Ankara, Turkey | Few recent news items have reminded us of late Beat poet and Bob Dylan confidant Allen Ginsberg‘s live performance of “Put Down Your Cigarette Rag (Don’t Smoke)” at the Duke University Gross Chemistry building sometime in 1979. But postings in the soccer “blogosphere”—specifically, at “The Round Ball in Ankara”—concerning new anti-smoking initiatives under consideration by Turkish parliament triggered a memory of Ginsberg trilling lyrics accompanied by his hurdy-gurdy.
You pay your two bucks for a deathly pack
Trust your bad luck and smoke in the sack.
Journalist Chris Wade of “The Round Ball,” like Ginsberg, meditates on smoking’s joys and seduction and wonder whether authorities should be intruding on the practice, especially in football stadiums. Under the legislation approved by the parliament’s Justice Commission, smoking would be permissible in segregated zones: not unlike such set-asides in airports, where anxious travelers puff away the jitters before taking wing. Wade protests that the idea would seriously affect two joys of Turkish life: Tekel 2000 cigarettes and football, and especially the two together. “The highlight of the week,” Wade writes, “is when I can combine” cigarettes, football and Efes beer.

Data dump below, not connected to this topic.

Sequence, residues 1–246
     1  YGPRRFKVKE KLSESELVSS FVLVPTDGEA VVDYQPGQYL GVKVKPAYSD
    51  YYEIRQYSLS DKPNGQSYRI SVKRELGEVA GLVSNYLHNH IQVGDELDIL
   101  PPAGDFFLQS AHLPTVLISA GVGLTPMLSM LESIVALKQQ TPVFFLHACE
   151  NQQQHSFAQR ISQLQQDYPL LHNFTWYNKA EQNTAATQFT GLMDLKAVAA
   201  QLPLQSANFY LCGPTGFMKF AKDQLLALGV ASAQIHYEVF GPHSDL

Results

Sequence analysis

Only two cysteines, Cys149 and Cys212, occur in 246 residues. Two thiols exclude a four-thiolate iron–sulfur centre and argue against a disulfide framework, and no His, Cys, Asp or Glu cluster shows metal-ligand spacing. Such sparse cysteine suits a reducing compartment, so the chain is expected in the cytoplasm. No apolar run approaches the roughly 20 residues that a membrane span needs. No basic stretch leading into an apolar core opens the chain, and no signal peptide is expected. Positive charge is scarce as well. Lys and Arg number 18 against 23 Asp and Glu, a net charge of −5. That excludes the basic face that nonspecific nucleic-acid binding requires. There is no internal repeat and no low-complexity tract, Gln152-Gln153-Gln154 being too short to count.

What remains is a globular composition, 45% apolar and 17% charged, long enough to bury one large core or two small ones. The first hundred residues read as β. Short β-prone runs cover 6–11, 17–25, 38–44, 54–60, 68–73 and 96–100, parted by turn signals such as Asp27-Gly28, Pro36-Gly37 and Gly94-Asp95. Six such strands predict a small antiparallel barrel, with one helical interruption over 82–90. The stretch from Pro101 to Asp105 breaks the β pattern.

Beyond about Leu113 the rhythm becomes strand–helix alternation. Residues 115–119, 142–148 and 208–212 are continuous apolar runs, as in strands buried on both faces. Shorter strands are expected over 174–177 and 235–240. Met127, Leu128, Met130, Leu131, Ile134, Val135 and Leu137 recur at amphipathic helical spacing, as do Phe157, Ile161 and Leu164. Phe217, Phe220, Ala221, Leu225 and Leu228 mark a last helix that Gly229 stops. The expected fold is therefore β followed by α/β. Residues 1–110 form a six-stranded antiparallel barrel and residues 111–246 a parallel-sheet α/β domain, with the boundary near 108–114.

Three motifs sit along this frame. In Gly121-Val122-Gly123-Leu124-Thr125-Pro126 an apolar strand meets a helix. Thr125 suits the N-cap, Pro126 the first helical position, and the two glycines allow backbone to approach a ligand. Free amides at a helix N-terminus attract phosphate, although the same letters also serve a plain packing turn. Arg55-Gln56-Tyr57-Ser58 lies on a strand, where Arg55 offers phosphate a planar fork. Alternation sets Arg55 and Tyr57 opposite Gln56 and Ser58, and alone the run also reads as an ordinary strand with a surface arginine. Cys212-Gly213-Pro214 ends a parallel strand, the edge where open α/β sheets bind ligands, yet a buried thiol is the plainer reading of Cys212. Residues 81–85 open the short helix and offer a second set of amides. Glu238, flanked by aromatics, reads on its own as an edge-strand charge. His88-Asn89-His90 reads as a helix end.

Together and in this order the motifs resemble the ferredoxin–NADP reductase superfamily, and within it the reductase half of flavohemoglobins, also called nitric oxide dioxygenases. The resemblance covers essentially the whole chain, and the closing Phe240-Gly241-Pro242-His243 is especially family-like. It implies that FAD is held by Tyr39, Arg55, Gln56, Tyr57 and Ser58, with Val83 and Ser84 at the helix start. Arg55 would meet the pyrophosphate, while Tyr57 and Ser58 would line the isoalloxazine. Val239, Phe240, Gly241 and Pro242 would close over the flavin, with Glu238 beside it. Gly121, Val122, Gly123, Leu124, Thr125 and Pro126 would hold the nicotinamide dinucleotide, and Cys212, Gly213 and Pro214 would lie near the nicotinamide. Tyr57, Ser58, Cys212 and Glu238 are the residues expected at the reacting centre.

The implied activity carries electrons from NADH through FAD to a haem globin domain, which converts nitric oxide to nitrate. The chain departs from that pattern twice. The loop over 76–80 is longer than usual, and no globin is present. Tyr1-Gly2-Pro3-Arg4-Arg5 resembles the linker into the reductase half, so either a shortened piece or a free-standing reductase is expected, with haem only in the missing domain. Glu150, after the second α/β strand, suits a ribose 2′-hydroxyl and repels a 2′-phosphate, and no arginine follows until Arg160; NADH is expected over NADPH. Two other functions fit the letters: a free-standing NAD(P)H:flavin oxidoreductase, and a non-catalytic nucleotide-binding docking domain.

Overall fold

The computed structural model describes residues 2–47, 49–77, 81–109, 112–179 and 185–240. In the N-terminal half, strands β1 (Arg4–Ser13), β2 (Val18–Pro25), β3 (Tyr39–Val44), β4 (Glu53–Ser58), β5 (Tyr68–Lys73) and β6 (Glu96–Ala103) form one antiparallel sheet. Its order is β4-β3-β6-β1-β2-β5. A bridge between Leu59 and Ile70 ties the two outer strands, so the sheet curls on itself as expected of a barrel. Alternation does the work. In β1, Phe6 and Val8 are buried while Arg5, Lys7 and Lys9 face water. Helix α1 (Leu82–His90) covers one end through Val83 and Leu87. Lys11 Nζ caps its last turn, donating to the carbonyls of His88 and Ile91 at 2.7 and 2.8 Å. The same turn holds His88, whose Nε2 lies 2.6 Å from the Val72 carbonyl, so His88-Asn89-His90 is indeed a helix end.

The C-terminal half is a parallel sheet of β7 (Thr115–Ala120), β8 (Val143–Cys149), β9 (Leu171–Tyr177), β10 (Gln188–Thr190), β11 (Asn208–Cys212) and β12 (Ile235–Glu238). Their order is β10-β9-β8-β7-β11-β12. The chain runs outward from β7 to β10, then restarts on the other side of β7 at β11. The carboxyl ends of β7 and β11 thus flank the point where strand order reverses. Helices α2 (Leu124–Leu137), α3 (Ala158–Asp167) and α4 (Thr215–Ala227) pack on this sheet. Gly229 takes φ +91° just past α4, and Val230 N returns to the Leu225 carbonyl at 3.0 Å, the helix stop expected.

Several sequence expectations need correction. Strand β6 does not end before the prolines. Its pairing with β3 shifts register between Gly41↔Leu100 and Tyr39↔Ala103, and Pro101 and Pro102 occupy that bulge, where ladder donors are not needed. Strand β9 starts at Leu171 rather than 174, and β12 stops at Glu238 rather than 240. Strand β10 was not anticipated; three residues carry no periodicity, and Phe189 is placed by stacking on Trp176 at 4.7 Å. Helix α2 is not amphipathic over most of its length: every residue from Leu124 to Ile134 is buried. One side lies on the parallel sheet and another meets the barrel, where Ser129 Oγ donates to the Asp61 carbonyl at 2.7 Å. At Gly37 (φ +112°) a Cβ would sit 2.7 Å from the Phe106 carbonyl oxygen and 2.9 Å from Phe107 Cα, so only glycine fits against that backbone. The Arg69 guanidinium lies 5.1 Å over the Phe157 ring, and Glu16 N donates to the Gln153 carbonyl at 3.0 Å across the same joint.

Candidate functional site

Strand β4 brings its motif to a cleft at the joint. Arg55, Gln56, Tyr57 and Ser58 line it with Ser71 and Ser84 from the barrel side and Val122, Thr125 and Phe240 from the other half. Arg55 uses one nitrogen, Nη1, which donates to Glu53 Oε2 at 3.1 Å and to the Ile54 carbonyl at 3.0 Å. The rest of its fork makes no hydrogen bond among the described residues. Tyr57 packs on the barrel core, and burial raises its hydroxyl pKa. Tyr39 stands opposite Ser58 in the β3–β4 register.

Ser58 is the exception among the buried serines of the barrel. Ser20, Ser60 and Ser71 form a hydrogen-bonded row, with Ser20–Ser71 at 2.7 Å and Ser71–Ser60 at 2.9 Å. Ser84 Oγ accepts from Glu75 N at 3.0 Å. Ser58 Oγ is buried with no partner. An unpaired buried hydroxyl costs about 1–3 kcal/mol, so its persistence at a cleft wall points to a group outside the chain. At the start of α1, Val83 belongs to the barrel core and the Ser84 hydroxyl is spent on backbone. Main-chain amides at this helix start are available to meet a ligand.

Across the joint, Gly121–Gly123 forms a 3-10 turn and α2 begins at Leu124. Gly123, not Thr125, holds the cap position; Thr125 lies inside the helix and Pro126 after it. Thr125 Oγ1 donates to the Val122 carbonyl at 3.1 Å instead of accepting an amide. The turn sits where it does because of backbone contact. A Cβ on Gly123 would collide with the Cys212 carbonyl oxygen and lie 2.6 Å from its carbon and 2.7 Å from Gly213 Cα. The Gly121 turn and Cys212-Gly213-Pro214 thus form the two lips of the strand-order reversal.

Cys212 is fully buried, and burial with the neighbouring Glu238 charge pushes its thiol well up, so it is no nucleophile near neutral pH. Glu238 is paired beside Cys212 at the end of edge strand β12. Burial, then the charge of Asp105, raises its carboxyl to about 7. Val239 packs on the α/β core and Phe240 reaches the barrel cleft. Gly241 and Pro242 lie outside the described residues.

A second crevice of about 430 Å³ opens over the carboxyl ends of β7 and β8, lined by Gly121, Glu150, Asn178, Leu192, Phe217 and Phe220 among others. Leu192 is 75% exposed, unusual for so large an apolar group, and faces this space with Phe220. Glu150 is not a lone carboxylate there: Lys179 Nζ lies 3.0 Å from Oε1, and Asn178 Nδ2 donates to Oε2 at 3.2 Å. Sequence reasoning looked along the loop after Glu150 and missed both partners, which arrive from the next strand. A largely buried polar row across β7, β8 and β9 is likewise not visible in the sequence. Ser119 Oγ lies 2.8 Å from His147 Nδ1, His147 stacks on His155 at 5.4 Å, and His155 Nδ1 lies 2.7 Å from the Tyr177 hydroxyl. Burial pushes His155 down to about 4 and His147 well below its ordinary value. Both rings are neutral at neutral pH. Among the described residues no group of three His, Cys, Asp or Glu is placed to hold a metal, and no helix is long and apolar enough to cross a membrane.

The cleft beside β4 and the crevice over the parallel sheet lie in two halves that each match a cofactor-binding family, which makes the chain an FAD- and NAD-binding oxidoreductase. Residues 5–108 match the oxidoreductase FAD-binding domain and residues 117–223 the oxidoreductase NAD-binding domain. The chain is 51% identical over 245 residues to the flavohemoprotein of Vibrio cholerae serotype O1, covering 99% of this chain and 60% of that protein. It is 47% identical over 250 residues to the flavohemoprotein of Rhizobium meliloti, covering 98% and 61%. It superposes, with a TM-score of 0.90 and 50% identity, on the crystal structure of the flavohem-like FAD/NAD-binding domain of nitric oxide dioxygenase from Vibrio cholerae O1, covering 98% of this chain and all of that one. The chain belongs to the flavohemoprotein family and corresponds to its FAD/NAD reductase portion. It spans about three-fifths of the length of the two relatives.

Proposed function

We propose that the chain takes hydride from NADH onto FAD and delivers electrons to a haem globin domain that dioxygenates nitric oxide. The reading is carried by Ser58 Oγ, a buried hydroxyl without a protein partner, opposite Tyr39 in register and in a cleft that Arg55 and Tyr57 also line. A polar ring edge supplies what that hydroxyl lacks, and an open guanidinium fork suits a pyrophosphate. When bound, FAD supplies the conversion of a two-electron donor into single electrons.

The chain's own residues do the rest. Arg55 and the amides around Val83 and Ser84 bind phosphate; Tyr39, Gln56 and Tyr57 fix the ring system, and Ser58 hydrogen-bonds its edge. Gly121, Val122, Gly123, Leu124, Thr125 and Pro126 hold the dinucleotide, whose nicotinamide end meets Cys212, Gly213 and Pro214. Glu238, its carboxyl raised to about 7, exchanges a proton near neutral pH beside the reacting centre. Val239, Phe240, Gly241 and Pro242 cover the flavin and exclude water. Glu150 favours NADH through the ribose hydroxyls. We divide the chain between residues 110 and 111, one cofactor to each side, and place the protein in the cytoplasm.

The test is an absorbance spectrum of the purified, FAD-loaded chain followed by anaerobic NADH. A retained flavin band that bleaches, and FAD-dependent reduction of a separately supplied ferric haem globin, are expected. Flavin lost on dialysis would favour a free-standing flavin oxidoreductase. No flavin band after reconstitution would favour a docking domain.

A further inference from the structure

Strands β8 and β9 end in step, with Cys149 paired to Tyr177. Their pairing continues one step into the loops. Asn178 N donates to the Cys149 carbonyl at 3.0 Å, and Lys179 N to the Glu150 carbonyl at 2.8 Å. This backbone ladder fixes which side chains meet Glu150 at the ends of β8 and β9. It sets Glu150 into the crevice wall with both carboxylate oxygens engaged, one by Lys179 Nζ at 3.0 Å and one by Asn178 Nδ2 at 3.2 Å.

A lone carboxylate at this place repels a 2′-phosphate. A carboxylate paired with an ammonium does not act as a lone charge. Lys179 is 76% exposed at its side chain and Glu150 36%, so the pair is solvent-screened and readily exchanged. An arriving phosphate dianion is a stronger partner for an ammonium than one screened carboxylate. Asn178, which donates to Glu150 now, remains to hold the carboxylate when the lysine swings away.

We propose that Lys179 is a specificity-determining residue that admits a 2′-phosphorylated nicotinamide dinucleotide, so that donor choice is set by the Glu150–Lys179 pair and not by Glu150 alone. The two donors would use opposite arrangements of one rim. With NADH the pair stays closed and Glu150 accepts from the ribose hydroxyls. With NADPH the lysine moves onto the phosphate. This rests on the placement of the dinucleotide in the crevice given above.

[B]ut soon I think I may have to emigrate to somewhere civilized like Tajikistan if I am to experience true happiness…. [Co-blogger and pseudonymous] Eski Kanka Jim and myself would have died from heart attacks years ago if we weren’t allowed to have a smoke after Ankaragücü or Gençlerbirligi stuffed up yet another point-blank shot on goal.
Now for the practical details. Apparently they are going to set up smoking areas in stadiums. Well, good luck to them trying to corral the vast majority of spectators into crappy seats. Talk about an invitation to riot.
The English-language Turkish Daily News reports on the culturally entrenched nature of smoking, dating to the 17th-century introduction of the hookah, or water pipes, into Ottoman coffee houses. Half of Turkey’s adults smoke, 11.7 percent of school kids. In the United States, in comparison, sales of cigarettes have hit an all-time low (378 billion in 2005). Twenty-four percent of U.S. adults are smokers.
But, as Ginsberg made clear in song, there are more than enough vices to go around.